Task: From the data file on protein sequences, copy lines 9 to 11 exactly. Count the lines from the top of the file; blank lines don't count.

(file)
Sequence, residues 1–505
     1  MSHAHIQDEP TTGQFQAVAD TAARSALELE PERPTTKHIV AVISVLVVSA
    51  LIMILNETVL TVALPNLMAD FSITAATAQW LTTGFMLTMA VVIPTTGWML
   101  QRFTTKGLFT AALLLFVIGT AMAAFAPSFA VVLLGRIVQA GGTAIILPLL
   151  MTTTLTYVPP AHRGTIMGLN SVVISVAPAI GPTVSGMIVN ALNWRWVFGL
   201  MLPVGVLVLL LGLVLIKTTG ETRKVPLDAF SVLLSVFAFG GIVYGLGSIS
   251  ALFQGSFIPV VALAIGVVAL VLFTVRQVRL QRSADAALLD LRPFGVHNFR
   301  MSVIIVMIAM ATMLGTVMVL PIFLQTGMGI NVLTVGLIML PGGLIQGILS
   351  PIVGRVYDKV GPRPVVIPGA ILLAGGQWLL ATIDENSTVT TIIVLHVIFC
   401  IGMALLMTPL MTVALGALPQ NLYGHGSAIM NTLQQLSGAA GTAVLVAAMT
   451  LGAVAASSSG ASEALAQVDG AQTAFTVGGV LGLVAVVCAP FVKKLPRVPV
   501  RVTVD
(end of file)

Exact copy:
   351  PIVGRVYDKV GPRPVVIPGA ILLAGGQWLL ATIDENSTVT TIIVLHVIFC
   401  IGMALLMTPL MTVALGALPQ NLYGHGSAIM NTLQQLSGAA GTAVLVAAMT
   451  LGAVAASSSG ASEALAQVDG AQTAFTVGGV LGLVAVVCAP FVKKLPRVPV